I mentioned that I would share some thoughts about the importance of the Book of Mormon. I am kind of intrigued by what a demonstrably powerful force, despite few obvious doctrinal deviations for the bible and Christianity in general. For me, there is something pure and powerful about its teachings on the gospel of repentance and Christ’s mission and atonement.

I wonder, though if in addition to its more universal purpose and appeal, it had a very personal and particular purpose for Joseph Smith. In some of the reading material for lesson 4, the Lord tells him that translating the Book of Mormon is the gift he should be focusing on. In Section 5, verse 4, Joseph is told that translation is “the first gift I bestowed upon you; and I have commanded that you should pretend to no other gift until my purpose is fulfilled in this.” Later, the Lord instructs Joseph Smith to stop translating for a time, and makes this interesting statement: “Stop, and stand still until I command thee, and I will provide the means whereby thou mayest accomplish the thing which I have commanded thee.” Sec. 5, v. 34.

I get the feeling that the translation of the Book of Mormon was the critical, initial training Joseph received to prepare him to be a prophet. He had to learn to be obedient to God, to be humble, to ignore the voices of the powerful and influential and listen to the voice of the Spirit. When Joseph made mistakes in connection with his assignment to translate the Book of Mormon, the Lord reprimanded him and gave him a “time out.” Because Joseph was humble and repentant, the Lord forgave him and helped him. What would Joseph Smith have been without the Book of Mormon? Interesting to think about.

Tuesday, January 20, 2009

Why Do We Need the Book of Mormon?

The focus of Lesson 4 is the importance of the Book of Mormon. But, the Book of Mormon does not discuss critical doctrines like baptism for the dead or eternal marriage. It does not provide any specificity about the Plan of Salvation (i.e., no premortality, no three degrees of glory, etc.) or priesthood organization. Many of its teachings about the Godhead are ambiguous and confusing, without the benefit of further inspired interpretation. All of this information is provided, or greatly fleshed out, by the Doctrine & Covenants and other modern revelation. it teaches much about Christ and the atonement, but so do the Bible, the Doctrine & Covenants and modern revelation.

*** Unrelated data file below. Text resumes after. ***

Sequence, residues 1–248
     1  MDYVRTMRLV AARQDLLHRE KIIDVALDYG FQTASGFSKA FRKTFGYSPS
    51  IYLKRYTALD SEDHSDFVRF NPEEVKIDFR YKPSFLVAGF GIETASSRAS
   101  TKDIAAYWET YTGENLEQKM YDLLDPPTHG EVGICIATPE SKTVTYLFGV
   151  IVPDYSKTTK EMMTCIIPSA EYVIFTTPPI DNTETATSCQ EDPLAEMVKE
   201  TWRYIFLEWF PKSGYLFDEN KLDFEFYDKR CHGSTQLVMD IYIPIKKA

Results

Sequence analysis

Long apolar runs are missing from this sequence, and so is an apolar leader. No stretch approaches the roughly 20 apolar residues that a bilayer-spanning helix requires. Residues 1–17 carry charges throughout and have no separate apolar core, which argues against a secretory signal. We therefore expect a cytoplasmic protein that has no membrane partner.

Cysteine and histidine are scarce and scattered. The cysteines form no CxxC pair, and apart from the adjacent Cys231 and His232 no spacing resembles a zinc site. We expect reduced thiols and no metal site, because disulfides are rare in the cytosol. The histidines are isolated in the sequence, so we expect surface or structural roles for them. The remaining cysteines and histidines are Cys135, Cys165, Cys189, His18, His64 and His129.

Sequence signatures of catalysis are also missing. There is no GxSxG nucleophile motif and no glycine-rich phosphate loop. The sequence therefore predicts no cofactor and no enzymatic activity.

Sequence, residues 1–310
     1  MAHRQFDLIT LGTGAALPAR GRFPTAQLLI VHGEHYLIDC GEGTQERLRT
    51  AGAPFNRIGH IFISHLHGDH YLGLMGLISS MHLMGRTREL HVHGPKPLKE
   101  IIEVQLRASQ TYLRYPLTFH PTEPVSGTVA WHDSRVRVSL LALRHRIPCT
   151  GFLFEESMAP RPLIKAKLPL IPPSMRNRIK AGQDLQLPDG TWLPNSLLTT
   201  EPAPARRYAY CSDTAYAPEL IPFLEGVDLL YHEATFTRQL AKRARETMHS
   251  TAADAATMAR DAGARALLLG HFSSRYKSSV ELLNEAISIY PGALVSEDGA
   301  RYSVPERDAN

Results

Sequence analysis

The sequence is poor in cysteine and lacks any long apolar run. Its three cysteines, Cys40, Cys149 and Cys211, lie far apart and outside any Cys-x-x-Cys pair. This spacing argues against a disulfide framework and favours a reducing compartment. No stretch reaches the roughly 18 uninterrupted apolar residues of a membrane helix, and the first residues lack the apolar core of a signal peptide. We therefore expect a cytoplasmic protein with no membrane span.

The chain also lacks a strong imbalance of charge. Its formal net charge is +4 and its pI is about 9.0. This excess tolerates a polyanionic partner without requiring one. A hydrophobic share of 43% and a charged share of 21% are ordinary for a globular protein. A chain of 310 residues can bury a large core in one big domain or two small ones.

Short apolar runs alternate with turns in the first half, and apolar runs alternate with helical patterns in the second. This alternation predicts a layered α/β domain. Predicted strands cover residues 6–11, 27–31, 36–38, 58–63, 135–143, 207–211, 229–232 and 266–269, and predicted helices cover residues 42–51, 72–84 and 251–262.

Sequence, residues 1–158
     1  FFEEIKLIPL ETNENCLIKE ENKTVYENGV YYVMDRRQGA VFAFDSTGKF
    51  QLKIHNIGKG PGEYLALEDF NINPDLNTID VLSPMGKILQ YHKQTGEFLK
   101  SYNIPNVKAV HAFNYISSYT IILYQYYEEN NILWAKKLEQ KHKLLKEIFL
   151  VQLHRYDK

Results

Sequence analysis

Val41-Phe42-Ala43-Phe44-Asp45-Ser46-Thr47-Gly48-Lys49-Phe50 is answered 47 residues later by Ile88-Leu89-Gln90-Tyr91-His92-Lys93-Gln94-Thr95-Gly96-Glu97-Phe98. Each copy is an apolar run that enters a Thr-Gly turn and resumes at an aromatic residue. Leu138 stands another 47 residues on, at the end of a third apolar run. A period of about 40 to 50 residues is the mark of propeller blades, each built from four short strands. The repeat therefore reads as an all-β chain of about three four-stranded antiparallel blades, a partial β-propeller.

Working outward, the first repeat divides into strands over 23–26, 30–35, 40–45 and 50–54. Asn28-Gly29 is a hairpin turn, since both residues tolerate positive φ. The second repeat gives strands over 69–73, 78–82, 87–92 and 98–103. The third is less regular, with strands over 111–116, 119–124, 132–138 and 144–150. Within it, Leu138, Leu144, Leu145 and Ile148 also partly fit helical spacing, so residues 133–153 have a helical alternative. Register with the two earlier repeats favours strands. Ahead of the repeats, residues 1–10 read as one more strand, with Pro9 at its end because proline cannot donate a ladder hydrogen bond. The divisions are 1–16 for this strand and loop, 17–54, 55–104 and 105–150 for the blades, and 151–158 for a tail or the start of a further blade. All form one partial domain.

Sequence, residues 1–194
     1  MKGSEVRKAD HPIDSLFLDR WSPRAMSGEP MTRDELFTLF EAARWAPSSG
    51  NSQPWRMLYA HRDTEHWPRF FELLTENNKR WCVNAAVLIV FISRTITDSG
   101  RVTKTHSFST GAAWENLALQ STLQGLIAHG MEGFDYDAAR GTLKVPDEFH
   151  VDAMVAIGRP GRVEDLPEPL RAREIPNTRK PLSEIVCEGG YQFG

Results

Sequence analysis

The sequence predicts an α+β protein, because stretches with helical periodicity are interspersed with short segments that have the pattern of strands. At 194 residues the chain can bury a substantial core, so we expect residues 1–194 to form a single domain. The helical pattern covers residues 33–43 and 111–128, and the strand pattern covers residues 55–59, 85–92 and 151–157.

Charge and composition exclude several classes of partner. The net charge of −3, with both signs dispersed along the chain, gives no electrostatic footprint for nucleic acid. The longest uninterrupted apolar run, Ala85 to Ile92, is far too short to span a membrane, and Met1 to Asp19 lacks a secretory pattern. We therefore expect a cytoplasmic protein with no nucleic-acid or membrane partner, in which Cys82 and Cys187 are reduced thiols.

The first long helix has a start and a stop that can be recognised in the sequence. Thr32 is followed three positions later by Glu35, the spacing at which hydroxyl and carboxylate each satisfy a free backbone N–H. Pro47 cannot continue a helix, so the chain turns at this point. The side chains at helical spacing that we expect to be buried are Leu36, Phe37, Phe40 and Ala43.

So do we really need the Book of Mormon? Why? Why isn’t the Doctrine & Covenants, along with modern prophets, enough? What does the Lord mean when he tells us to “remember the new covenant, even the Book of Mormon,” when it contains no information about the mother-of-all-covenants, the new and everlasting covenant of marriage?

I have some thoughts about this, but am interested to hear yours, first. I am also interested to hear other notable doctrines or ideas absent in the Book of Mormon.

Monday, January 19, 2009

How Dumb Did He Think She Was?

We all know the story of Marin Harris and the lost 116 pages. Martin Harris believed in Joseph Smith as a prophet and that the translation of the Book of Mormon was an important and inspired project. He believed so much that he lent Joseph Smith financial assistance and acted as a scribe. Martin's wife, Lucy, did not believe, and it sounds like she made Martin's life kind of difficult. In fact, Steven Harper (Making Sense of the Doctrine & Covenants) says that once, to make a point, she moved her furniture out of their house just so Martin would not sell it to finance Joseph Smith's crazy schemes.